In the three days following, according to press reports, at least 10 people were killed— most gunned down by snipers on the aptly named Syria Street, which divides a Sunni - Muslim neighborhood from an Alawite one.
The death of 17 Lebanese would-be rebels two weeks ago seems to have pushed the city over the precipice. The men were ambushed by the Syrian army on their way into Syria from Tripoli and killed, and on Sunday Syrian state television aired footage of their bodies. Most here suspect that they were betrayed by someone within the city from a rival sect.
Tripoli is host to various sects of Islam, including Sunnis, many of whom support the rebellion in Syria, and Alawite Shiites, who tend to side with Syria's president, Bashar al Assad, who is of the same religion. Hezbollah, which is also Shiite, has thrown its lot behind the Syrian president as well. But the group's loyalties are complicated by the various factions represented within the Syrian insurgency.
So when the 17 aspiring rebels were killed over the border in Syria, they pulled not just their families into a war of revenge, but entire organizations. And that's when the shooting started.
A former Lebanese solider says the military has been backed into a difficult position as well. If the military finds out about rebels crossing into Syria and fails to stop them, Syria could hold the country's government responsible for Lebanon's role as a rear base for the Syrian rebels, he said.
The conflict has opened old wounds between Lebanon and Syria. In 2005, Rafik Hariri, the country's beloved former prime minister, was assassinated by a car bomb in Beirut.
Many believed Syria, whose fate has been intertwined with Lebanon at least since French colonization, was behind that assassination, and subsequent outrage forced Syria to withdraw all of its troops from Lebanon's soil.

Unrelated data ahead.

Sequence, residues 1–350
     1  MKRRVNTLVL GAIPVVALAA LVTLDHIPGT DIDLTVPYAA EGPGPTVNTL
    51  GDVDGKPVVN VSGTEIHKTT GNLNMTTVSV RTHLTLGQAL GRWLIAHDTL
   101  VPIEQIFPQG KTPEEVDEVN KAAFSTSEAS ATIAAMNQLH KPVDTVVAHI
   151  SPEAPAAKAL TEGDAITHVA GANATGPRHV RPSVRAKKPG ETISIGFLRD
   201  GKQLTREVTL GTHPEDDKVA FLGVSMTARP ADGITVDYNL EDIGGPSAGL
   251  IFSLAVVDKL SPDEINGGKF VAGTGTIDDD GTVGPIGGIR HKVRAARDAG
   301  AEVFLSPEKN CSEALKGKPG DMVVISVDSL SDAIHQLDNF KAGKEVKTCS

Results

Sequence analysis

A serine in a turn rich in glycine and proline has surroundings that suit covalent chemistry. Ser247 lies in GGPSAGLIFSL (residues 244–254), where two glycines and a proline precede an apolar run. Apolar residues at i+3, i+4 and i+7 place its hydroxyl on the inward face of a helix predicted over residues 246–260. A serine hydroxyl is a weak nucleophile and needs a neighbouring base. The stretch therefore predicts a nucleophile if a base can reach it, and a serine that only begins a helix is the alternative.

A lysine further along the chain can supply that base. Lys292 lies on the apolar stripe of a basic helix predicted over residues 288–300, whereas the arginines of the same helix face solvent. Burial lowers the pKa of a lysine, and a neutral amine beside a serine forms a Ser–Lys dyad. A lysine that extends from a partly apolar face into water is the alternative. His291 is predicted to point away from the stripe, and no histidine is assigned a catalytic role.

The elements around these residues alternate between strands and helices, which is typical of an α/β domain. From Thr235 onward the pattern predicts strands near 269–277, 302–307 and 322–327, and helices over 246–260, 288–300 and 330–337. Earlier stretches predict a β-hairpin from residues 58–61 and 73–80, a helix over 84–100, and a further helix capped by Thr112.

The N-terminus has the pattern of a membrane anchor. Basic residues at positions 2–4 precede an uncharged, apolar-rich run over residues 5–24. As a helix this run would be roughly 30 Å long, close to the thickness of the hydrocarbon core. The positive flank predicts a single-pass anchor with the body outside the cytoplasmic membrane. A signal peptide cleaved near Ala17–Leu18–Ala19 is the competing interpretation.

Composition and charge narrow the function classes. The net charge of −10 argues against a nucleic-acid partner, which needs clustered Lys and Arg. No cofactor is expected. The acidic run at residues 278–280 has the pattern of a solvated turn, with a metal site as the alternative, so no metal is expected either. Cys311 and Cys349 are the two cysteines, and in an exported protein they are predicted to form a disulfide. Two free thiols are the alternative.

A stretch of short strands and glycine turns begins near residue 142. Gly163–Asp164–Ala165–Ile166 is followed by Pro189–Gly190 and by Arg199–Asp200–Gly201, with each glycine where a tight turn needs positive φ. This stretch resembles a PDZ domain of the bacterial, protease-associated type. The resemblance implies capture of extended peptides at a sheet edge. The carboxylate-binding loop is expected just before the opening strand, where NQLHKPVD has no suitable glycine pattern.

Hariri's assassination echoed across the years on October 19, when another Beirut car bomb killed the head of the police's information branch, Brig. Gen. Wissam al-Hasan. Speculation abounds that partisans of Syria were responsible. The former-army source said al Hasan's replacement shows no interest in cracking the case.
The October tragedy led the March 14 Alliance, a group of anti-Syrian political parties, to walk out on Parliament in protest of pro-Syrian factions in the majority, demanding that the prime minister resign. Despite Hezbollah's pleas for them to come back to the table to preserve stability, the situation is unresolved.
The chaos in Syria is scattering refugees across other parts of the globe as well. On Thursday morning, a family of 14, descended from Palestinian refugees, waited to board a plane from Lebanon to Qatar, whence they would head on to the Dominican Republic. They had left their home and restaurant business in Damascus two days earlier.
One of the refugees said the Syrian capital is full of buildings turned to rubble by bombs and fires.
"It's like hell," she said.
The refugee said she never plans to return to Syria. She guessed that the war will last one or two years, but predicted that there will always be violence there.
One partisan of the Syrian government, a Syrian citizen now living at a hostel in Beirut, predicts that the fight will reach as far as Europe and the United States, citing Syria's missile capability and stockpile of chemical weapons.
Then again, he shrugs, with everything that has happened already, who can tell what's next?
Cid Standifer is a freelance reporter, web designer and translator based in Arlington, Va. She has written for Military Times, Inside Washington Publishers and the Roswell Daily Record.